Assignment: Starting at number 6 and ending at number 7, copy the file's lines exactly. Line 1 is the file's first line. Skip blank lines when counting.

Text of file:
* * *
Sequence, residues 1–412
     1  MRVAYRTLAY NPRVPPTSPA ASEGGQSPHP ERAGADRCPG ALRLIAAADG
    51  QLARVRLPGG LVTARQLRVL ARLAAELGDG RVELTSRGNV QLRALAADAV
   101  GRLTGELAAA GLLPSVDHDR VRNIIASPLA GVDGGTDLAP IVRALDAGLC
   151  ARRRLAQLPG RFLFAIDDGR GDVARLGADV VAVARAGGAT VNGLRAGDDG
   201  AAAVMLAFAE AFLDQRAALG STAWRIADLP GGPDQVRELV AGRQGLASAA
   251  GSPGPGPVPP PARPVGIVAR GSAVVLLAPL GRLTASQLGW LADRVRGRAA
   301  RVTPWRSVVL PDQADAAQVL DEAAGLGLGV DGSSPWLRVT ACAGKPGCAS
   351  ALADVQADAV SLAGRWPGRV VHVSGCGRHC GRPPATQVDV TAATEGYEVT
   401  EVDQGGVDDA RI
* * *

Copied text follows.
   201  AAAVMLAFAE AFLDQRAALG STAWRIADLP GGPDQVRELV AGRQGLASAA
   251  GSPGPGPVPP PARPVGIVAR GSAVVLLAPL GRLTASQLGW LADRVRGRAA